• 1 billion – PSY’s Gangnam Style video became the first online video to reach 1 billion views (currently just over 1.1 billion) and it achieved it in just 5 months.
  • 2.7 billion – Number of views of videos uploaded to YouTube tagged Obama or Romney during the 2012 U.S. election cycle
  • 2.5 million – Number of hours of news-related video that was uploaded to YouTube.
  • 8 million – The number of concurrent viewers of the lifestream of Felix Baumgartner’s jump from the edge of space, the most ever on YouTube.
  • 4 billion – Number of hours of video we watched on YouTube per month.
  • 60 million – Number of global viewers monthly on Ustream.
  • 16.8 million – Number of total viewers in a 24 hour period for a video on Ustream, the most ever.
  • 181.7 million – Number of total unique viewers of online video in the U.S. during December.

Images

  • 7 petabytes – How much photo content Facebook added every month.
  • 300 million – Number of new photos added every day to Facebook.
  • 5 billion – The total number of photos uploaded to Instagram since its start, reached in September 2012.
  • 58 – Number of photos uploaded every second to Instagram.
  • 1 – Apple iPhone 4S was the most popular camera on Flickr.

What about the Internet in 2013?

Just a couple of weeks into 2013 we don’t yet know much about what the year ahead has in store for us. However, we can perhaps make a few predictions: we will be accessing the Internet more with mobile devices, social media will play an increasingly important role in our lives, and we’ll rely even more on the Internet both privately as well as professionally.

Hyperfair COO, Andrea Ballarini, interviewed by Reuters

From: CNBC.COM

Italy‘s Best Are Emigrating at Time of Crisis

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(Genova by the sea, photo Max Moniaci)

For more than a century unskilled Italians have gone abroad to escape poverty, but these days the people running for the exits are among the country’s top brains.

A growing wave of technologists, researchers and entrepreneurs is flowing away from the motherland. Few think this weekend’s elections will do much to alleviate the gloom.

“I am Italian and I love Italy. But every time I come back to visit, I see the country is sliding a little further back,” said Andrea Ballarini, an economics graduate who left for the U.S. West Coast nearly three years ago.

When Ballarini graduated from the elite Bocconi, Italy’s best-known university, he had no plans to leave home and dreamed of setting up his own company in his native land.

But as economic crisis began to bite three years ago, the 32-year-old entrepreneur crossed the Atlantic.

“My business partner and I bought a ticket for San Francisco. We just wanted to check Silicon Valley out. We never came back,” said Ballarini, who was won over by the pro-business atmosphere of the West Coast and now runs a virtual business fair platform called HyperFair.

“Back in Italy, each day began with a list of the problems I had to solve. Here I make each day a list of the things I want to do,” he added.

Faced with soaring unemployment and declining economic activity, young Italians are following previous generations in seeking their fortunes abroad, disillusioned by an economy in which graduates must often take precarious and menial jobs.

Data from Italian statistical institute ISTAT show that the proportion of emigrants who have a degree has doubled between 2001 and 2010, to 15.9 percent of all migrants.

They go to European nations like Britain and Germany but also, despite working restrictions, to the United States, data from Istat show. Their monthly salaries are on average 540 euros higher than those of similar professionals who stay at home.

Lost Generation

Italians started to emigrate to north and south America in the second half of the 19th century. Another wave of migration began after World War Two.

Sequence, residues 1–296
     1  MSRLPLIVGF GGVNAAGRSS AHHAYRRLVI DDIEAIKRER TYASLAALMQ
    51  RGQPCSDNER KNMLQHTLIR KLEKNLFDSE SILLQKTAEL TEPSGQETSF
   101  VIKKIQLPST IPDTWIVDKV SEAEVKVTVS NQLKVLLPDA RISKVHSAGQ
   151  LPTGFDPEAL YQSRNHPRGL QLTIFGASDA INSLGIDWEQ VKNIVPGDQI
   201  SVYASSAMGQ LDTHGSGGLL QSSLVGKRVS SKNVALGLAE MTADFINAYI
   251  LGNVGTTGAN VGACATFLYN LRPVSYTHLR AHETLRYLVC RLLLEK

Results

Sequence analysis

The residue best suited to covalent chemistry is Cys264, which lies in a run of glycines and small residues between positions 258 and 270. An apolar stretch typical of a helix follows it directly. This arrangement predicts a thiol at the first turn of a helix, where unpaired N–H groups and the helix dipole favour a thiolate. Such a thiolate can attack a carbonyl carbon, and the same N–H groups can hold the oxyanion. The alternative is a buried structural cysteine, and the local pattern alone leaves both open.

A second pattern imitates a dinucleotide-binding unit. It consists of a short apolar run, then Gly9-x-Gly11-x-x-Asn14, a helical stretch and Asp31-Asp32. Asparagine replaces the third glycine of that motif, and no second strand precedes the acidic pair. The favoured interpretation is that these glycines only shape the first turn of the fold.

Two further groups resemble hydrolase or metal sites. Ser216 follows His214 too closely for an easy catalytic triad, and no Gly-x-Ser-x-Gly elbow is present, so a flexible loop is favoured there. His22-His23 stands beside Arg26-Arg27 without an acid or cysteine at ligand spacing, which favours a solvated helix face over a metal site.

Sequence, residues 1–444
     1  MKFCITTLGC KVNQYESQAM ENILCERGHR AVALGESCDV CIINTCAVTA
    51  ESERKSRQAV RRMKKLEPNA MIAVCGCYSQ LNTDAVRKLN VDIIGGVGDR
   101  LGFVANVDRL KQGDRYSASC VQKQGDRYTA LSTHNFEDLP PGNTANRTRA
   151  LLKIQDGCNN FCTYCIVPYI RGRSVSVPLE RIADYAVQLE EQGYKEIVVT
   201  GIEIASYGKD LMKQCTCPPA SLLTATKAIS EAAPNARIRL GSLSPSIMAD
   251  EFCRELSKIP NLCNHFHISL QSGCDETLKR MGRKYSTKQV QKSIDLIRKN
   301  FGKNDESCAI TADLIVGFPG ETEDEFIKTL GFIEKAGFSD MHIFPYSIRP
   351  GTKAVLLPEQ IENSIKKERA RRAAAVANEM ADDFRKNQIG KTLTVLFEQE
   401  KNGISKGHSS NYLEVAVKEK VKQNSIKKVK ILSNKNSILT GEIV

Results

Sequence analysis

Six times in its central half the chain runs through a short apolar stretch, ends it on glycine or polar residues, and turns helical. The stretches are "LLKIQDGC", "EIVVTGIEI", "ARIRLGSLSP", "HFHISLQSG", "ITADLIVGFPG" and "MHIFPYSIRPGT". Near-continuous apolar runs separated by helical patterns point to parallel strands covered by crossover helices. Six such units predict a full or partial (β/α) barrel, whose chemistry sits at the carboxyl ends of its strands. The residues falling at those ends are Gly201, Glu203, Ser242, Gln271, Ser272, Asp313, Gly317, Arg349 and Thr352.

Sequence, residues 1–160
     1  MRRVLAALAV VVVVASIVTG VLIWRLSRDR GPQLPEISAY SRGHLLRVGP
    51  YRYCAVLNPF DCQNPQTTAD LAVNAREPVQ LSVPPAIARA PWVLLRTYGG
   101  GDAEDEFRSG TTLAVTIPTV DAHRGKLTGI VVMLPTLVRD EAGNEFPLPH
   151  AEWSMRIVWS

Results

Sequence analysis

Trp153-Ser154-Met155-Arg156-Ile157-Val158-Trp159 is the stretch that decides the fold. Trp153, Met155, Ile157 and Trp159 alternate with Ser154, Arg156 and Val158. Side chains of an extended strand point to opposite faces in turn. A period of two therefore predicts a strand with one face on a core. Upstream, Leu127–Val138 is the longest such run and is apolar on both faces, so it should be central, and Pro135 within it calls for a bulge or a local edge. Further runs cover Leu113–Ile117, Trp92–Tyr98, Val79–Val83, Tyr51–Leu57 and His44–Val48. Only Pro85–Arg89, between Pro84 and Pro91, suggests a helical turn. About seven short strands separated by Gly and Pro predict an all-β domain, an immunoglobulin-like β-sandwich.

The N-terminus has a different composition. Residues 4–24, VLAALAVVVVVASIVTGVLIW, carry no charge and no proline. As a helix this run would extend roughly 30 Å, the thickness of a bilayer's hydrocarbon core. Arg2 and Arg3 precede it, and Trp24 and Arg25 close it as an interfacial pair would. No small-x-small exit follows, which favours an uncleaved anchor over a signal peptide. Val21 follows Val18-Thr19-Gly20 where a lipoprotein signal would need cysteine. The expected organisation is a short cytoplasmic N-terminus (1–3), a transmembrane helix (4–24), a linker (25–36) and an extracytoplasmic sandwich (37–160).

“Those leaving Italy in the aftermath of World War Two and then in the 1960s and 1970s were in the majority very poor, unskilled workers. They became coal miners in Belgium or worked on infrastructure projects in Germany,” said Pietro Luigi Biagioni, who heads the Paolo Cresci Foundation for the History of Italian Emigration.

“Today’s migration is very different.”

Qualified professionals are losing hope in Italy’s ability to revive its stagnant economy and eradicate cronyism, red tape and a punitive tax regime.

Italy has been in recession since mid-20ll and the euro zone’s most sluggish economy for well over a decade.

At just below 37 percent, youth unemployment in Italy is the highest since records began 20 years ago. The “lost generation” has become a hot election issue.

Amid rising unemployment, even more posts than before appear to be awarded through connections rather than talent.

Some join the brain drain even before finishing education.

“A large number – tens of thousands – of those studying for a PhD or research post are leaving Italy,” said Mario Calderini, a special adviser to Education Minister Francesco Profumo.

“We are losing top quality students and researchers but are not attracting a similar number of high-quality people.”

Foreigners Stay Away

Italian universities are unattractive to foreign students and graduates because of the low wages offered to researchers, the complex hiring process and the use of Italian. According to OECD data, only 4 percent of those studying at Italian universities are foreigners and there are few foreign teachers.

Until recently, offers for university jobs were only published in Italian and the selection system tended to favor internal candidates from local universities.

Calderini said the technocrat government of Mario Monti had introduced the use of English for university job adverts, but much still needs to be done to woo foreign researchers, who tend to earn more outside Italy.

“The difference in salary is a factor as well as the risk of unemployment,” said Calderini.

“Not everyone is able to find a job as Italian industry absorbs very few of these highly-educated professionals.”

More than 95 percent of Italian companies employ fewer than 10 people. They do not have the resources to invest in research and development and the cash-strapped state is cutting back in its own research funding.

Some institutions are trying to lure the talented home.

The Genoa-based Italian Institute of Technology (IIT), founded only six years ago, specializes in bio-robotics, a futuristic branch of robotic engineering that has blossomed in Italy thanks to the country’s strong manufacturing traditions.

The institute, whose working language is English, has managed to bring Italian scientists back to the country by offering competitive wages, an international working environment and well-funded, innovative projects.

Around 17 percent of the scientists working at the IIT are Italians who used to work abroad.

“There are very few places in Italy where you can combine a technological background with scientific research,” said Diego Ghezzi, 32, researching synaptic neuroscience at the IIT. “If I hadn’t come here, I would have had to leave the country.”